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Re: video and long text descriptions / transcripts

From: David Singer <singer@apple.com>
Date: Thu, 05 Apr 2012 09:15:51 -0700
Cc: HTML Accessibility Task Force <public-html-a11y@w3.org>
Message-id: <938B1383-0A33-4745-9EAE-C45A193C208D@apple.com>
To: Silvia Pfeiffer <silviapfeiffer1@gmail.com>

On Apr 4, 2012, at 19:23 , Silvia Pfeiffer wrote:

> On Thu, Apr 5, 2012 at 5:16 AM, David Singer <singer@apple.com> wrote:
>> On Mar 30, 2012, at 14:52 , Silvia Pfeiffer wrote:
>>> Hi all,
>>> I would like to see a (civilized) discussion of a core question that
>>> relates to the issues 194 and 203 [2] for video.
>>> [1] http://www.w3.org/html/wg/tracker/issues/194
>>> [2] http://www.w3.org/html/wg/tracker/issues/203
>>> We keep talking about "long text descriptions for videos" and
>>> "transcripts" as separate things. There is an implied assumption that
>>> we need two different solutions for these, which I would like to
>>> challenge.
>> Ah.  I think that
>> a) they are semantically different;  if I am looking for the transcript specifically, a long textual description may not meet the need, and so they should be semantically distinct
> They are semantically different at a detail level.
> If you assume a sighted user and a list of text files that provide
> alternative descriptions to the video, then you can certainly list a
> large number of different "long text descriptions" that you can
> provide:
> * a full transcription of everything happening in the video, including
> a transcript of all dialogs and the important visual bits
> * the book/script that underlies the production
> * a pure transcript of what is being said
> * a list of major plot points in the video
> * a description of each one of the scenes of the video
> * a description of each one of the shots of the video
> * a summary of what is happening with enough meat to be different from
> a short description
> * etc etc etc
> But really: who is going to produce all these things?

I don't know; I don't think anyone will produce them all at once.  I do think we can differentiate "some sort of transcript" (in which time advances with the program material) and a description, which, while narrative, doesn't claim to match the sequence of the video.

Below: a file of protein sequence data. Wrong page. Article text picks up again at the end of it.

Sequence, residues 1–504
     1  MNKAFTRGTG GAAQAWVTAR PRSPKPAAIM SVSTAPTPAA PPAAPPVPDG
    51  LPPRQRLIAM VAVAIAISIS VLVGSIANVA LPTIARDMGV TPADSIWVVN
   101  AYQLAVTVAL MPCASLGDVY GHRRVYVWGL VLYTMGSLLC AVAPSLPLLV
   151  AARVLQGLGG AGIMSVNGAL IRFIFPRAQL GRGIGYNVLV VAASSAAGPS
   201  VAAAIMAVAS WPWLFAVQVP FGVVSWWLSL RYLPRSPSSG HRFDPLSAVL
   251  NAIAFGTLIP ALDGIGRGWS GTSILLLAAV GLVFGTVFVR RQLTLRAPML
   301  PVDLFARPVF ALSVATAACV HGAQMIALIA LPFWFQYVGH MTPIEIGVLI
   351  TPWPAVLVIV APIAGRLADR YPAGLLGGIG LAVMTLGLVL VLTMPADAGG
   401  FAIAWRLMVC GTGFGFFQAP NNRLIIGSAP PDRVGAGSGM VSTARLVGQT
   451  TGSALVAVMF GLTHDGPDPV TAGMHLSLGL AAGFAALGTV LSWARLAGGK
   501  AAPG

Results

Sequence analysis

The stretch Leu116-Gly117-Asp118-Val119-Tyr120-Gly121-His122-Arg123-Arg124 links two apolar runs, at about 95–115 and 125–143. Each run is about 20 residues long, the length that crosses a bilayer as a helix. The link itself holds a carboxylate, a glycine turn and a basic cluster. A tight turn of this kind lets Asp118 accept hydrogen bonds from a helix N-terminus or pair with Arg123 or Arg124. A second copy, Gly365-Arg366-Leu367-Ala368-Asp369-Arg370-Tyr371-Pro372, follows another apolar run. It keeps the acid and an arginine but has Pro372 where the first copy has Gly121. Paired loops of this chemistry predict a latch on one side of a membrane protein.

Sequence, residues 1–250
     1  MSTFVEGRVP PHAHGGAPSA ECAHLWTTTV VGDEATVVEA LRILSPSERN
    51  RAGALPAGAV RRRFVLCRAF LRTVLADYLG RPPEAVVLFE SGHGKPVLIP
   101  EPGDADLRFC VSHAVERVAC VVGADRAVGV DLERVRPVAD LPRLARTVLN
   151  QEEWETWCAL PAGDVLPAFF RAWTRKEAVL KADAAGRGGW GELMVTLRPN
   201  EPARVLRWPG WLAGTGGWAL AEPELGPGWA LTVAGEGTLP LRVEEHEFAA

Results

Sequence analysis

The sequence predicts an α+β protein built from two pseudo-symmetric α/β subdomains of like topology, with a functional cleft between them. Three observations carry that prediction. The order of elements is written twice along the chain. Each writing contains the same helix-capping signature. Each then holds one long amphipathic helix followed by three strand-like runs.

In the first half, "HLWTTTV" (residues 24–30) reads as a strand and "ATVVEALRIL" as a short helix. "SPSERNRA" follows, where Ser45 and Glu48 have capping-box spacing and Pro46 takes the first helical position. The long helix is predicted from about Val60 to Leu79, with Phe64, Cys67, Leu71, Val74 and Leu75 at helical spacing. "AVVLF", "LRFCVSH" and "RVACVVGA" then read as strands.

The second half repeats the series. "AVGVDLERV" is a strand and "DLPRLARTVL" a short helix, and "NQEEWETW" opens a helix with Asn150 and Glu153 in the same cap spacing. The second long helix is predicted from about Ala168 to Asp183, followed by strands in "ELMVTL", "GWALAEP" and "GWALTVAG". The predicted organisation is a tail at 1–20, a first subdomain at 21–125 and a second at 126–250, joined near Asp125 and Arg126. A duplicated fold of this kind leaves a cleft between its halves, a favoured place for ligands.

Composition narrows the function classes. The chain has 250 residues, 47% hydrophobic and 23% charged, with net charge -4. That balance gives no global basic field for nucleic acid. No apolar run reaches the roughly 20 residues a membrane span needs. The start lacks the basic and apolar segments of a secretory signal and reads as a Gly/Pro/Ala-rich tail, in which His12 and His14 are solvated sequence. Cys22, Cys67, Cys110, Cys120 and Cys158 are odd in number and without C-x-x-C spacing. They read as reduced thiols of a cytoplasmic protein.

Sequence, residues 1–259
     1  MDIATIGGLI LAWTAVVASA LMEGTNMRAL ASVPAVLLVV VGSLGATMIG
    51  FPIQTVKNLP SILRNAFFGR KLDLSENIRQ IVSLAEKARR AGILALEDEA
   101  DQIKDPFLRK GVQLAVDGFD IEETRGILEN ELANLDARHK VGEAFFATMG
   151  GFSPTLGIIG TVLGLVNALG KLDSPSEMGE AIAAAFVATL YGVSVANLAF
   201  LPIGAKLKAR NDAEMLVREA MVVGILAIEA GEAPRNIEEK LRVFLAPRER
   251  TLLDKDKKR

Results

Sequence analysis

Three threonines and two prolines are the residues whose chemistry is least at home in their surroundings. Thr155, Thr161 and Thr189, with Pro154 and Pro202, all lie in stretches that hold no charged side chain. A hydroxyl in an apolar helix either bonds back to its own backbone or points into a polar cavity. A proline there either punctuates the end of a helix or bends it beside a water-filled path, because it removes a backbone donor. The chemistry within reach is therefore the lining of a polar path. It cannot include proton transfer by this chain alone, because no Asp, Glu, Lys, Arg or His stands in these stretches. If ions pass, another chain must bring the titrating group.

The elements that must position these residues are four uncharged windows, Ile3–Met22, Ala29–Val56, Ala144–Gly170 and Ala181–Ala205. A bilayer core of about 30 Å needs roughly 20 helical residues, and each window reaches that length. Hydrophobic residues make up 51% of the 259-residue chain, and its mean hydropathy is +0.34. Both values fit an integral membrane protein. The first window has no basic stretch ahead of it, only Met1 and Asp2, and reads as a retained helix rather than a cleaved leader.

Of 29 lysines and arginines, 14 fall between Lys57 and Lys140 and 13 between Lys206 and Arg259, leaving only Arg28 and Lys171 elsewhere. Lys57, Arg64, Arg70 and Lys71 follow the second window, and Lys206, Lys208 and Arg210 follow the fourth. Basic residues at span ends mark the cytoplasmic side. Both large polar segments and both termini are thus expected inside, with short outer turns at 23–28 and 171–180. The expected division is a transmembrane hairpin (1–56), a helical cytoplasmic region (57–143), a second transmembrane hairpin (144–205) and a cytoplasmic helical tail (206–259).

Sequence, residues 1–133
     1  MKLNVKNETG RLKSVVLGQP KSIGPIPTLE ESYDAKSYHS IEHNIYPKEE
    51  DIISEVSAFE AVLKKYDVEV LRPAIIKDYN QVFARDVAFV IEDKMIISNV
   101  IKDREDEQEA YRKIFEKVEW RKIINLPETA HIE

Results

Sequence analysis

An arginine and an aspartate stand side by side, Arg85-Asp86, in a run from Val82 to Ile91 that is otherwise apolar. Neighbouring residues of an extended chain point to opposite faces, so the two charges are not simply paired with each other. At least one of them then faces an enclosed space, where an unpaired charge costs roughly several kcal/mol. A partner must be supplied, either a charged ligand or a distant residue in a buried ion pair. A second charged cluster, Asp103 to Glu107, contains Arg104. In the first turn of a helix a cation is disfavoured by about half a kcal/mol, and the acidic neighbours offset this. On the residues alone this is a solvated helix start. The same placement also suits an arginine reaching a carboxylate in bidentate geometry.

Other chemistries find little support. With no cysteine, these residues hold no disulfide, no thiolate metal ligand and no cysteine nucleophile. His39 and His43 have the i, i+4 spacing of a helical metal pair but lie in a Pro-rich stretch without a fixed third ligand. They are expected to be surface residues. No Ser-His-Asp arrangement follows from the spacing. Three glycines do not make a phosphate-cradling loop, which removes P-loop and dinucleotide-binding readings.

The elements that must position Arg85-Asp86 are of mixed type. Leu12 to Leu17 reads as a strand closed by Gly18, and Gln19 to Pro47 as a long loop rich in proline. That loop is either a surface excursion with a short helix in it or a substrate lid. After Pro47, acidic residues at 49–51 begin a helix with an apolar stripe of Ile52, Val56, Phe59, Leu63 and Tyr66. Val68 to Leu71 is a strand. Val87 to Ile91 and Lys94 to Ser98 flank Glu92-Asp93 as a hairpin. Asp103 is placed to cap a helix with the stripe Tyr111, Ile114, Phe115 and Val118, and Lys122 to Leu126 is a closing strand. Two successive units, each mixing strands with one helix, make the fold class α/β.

> The point I am trying to make is not at the detail level. It is at the
> macro level. How useful is it for a deaf-blind user to be presented
> with a number of documents that they could read that provide some form
> of "long description" for them? How useful is it to be several docs
> rather than a single one? Preferably it should just be one document
> and the one chosen should be the most inclusive one, the one that has
> the best description of them all, and that one is what we have this
> far discussed as "the transcript".

It's probably not.  But I think we can say "this is a transcript" and "that is a long description" to all users, and if (in the rare case) both are offered, they can choose, and if only one, they can decide if it meets their needs.

>> b) authors are unlikely to provide both, however
> Yes, that is one of the things on my mind, too. This is why I don't
> think it makes much sense to have both a @transcript and a @longdesc
> attribute on the video: if we have an actual transcript, it would be
> the same document behind both attributes and if we don't have on, we'd
> have a url behind the longdesc and none behind the transcript. In both
> these situations, the @transcript attribute is not useful.

I think it may well be worth differentiating these three cases:
a) the video has some sort of transcript (e.g. the script) but no description;
b) the video has some sort of description (e.g. a plot summary) but no transcript;
c) the video has both.

>> c) the transcript/description should be part of the 'normal DOM'
> The text itself? That's how it could be provided, but why is that a
> requirement? Why is it not acceptable that the text is in another Web
> resource?

I just mean it's something we mark up for everyone. These are not squirreled away for a small class of users (e.g. those needing accessibility).
>> d) the relationship should be discoverable by anyone, not just accessibility tools
> I agree. It definitely has to be exposed by the video element to AT.
> In addition, there needs to be a visual presentation. There are
> several ways to get this: one is a visual indication on the video
> element which is provided through the shadow DOM, another is through a
> visual indication somewhere else in the browser (e.g. the URL is
> exposed on mouseover and a CTRL+ENTER click can activate it), and the
> last is that it's a separate DOM element on the screen that is
> programmatically linked.

I like that last one, myself.  We can encourage 'standard controllers' to expose the linkage (e.g. a popup in the controller that offers "Transcript | Long Description | "

>> e) they should use a common mechanism to link the media to its transcript/description etc.
> I disagree with this requirement. A long description for the purposes
> of deaf-blind users has to be discoverable when focused upon the video
> element. Other related content such as interactive transcripts,
> scripts, and other video metadata only has to live nearby the video
> and be discoverable when moving around the page. I don't see a need
> for a programmatic association of those with the video other than what
> @describedBy already offers.

If describedBy does it, then it's discoverable.

David Singer
Multimedia and Software Standards, Apple Inc.
Received on Thursday, 5 April 2012 16:16:31 UTC

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